Asheville – Buncombe County has been making strides to make its tax valuation system more accessible and equitable. Ongoing steps include flying a photography plane over every structure, driving a car around to capture street-view data, and reaching out to demographics that are less likely to appeal and less likely to win appeals.
Chair Brownie Newman asked Tax Assessor Keith Miller what the county had done to address the latter, particularly in light of some claims that a low-value house is more likely to be overvalued than a higher-end home. In recent years, urban planner Joe Minicozzi has made several public presentations demonstrating how celebrity millionaires in Biltmore Forest are paying property taxes at far lower rates than African-Americans living in small, rundown houses in Asheville.
Miller had already spoken about the tax department’s outreach team making appearances at the Juneteenth festival and on Carolina Spotlight and WLOS. The tax department has been training county employees to be ambassadors, and they’ve been holding meetings at community centers and with homeowner associations. They’ve also been hosting lunch and learns for realtors and appeals clinics with the Land of Sky Regional Council and Pisgah Legal Services. In addition, the website has been redesigned to make property card values more accessible, and all this is available on an app as well. People can use it either to update their information, pay bills, or file an appeal.
Miller said one reason lower-value properties tend to be overassessed is that low-income people are more likely to not know what to bring to an appeal, how to research comps, or even how the system works. Doing this is the responsibility of the taxpayer. Miller said the county cannot do appraisals alone. They can reach out and educate and identify and remove barriers for people who are not comfortable with the system as-is. Staff is working to let the public know that appeals are not a contentious process. It is the job of employees who hear appeals to work with citizens to make appraisals as accurate as possible.
Miller said staff listens to all concerns, and he felt Minicozzi’s concerns would be addressed in time for the 2025 revaluation. Miller reminded listeners that mass appraisal is not a perfect process; it is just a system for making best guesses given the unwieldy amount of data. As the county resolves issues brought to them, new issues will arise for the next revaluation. That said, he believed the additional staff members, departmental restructuring with the creation of dedicated analyst positions and a luxury homes specialist, and new technology would “make a tremendous difference.”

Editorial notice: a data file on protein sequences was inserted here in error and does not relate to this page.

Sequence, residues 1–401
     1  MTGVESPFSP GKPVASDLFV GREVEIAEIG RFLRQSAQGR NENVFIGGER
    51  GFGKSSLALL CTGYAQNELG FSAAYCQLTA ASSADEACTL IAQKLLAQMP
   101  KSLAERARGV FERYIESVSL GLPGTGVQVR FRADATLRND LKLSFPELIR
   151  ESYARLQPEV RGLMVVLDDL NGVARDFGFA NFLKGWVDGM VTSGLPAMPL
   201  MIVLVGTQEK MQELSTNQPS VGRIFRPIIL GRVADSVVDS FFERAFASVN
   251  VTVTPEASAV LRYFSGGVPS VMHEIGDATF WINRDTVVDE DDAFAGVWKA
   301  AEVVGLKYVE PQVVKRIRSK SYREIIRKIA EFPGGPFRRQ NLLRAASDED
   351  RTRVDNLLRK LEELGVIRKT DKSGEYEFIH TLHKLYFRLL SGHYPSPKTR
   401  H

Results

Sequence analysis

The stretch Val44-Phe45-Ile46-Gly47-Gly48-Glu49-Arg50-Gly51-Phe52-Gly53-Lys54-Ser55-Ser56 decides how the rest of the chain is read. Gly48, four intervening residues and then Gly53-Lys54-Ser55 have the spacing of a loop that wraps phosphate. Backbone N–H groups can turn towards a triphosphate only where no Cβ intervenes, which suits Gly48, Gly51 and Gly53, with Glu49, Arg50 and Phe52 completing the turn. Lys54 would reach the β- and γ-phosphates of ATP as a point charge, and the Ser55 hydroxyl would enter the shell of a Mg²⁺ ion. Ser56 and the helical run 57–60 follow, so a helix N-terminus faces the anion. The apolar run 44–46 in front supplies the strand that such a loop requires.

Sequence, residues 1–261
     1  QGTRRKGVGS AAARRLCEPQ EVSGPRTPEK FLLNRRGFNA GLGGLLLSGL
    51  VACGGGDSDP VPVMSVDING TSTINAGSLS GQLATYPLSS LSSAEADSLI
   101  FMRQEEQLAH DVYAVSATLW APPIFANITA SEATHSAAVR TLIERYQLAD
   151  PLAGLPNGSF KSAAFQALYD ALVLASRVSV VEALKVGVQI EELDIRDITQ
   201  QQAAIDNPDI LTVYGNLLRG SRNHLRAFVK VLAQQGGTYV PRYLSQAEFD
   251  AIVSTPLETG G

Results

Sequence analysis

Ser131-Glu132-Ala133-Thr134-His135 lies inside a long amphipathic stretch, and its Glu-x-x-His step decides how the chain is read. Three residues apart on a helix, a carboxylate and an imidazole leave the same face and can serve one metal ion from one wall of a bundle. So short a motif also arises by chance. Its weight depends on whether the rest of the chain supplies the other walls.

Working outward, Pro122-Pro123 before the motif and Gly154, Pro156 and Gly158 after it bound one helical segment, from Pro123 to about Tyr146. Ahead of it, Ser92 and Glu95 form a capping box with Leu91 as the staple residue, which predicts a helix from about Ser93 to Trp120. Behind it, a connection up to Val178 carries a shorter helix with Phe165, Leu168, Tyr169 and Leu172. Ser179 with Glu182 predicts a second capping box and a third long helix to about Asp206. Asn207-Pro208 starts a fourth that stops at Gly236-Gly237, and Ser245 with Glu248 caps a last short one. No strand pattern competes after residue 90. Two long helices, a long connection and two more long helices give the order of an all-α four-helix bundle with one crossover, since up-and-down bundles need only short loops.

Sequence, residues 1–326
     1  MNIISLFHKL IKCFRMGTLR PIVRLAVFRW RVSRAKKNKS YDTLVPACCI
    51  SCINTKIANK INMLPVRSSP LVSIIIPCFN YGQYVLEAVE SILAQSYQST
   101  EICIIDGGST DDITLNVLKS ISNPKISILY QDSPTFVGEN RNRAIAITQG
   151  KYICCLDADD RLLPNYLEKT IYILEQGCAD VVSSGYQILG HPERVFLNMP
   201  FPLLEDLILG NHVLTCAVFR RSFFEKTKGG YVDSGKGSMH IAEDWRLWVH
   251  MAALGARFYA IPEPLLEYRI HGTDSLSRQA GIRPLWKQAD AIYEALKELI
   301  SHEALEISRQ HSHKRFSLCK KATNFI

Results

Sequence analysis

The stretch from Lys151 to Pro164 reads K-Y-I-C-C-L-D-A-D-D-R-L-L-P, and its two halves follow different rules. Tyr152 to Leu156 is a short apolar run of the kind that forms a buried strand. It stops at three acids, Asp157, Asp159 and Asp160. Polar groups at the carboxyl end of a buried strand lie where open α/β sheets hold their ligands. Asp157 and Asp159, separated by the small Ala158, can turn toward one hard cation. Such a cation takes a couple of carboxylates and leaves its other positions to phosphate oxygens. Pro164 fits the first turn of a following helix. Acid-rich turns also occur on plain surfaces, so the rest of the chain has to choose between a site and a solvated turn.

In response to a line of questioning from Commissioner Terri Wells, he said the county is working with an outside consultant, Splice Valuation, to find root causes for the most commonly heard complaints. They are also reviewing the borderlines of every single one of the 2,500 market areas used to establish group values in the assessment process.
More interestingly, in November, Cyclomedia will begin driving 1,878 miles of county roads, taking 360-degree pictures of structures. Miller said the resolution of this photography is adequate for assessing the quality of doors, windows, and roofing. Cyclomedia describes its technology as providing assessors with a “digital twin” of their city, which they may peruse online rather than driving around themselves.
Additional data will be collected by airplanes that will fly over 660 square miles, capturing aerial and oblique views of all 130,000 parcels in Buncombe County. This will provide data on each structure’s condition and square footage. What’s more, an automated feature, Sketch Inspect, will highlight what has changed since the last photograph on file was taken, alerting assessors to additions and other improvements.
The software the county is using will revalue all parcels nightly based on uploaded data on real estate transactions that closed the previous day. This data may be used by appraisers and can also alert the county to changes it may have otherwise missed. For now, Miller said automated valuation is only being used to help audit traditional means of collecting data. Discrepancies will signal the need for an assessor to pay a visit to the site.
In the near term, the county will continue its outreach efforts and continue to test the changes it is making to its revaluation process. Work on the schedule of values, which outlines the rules the county will use for revaluation, will be conducted in an extended, open process with opportunities for public input. Notices of new assessed values won’t be mailed until February 2025.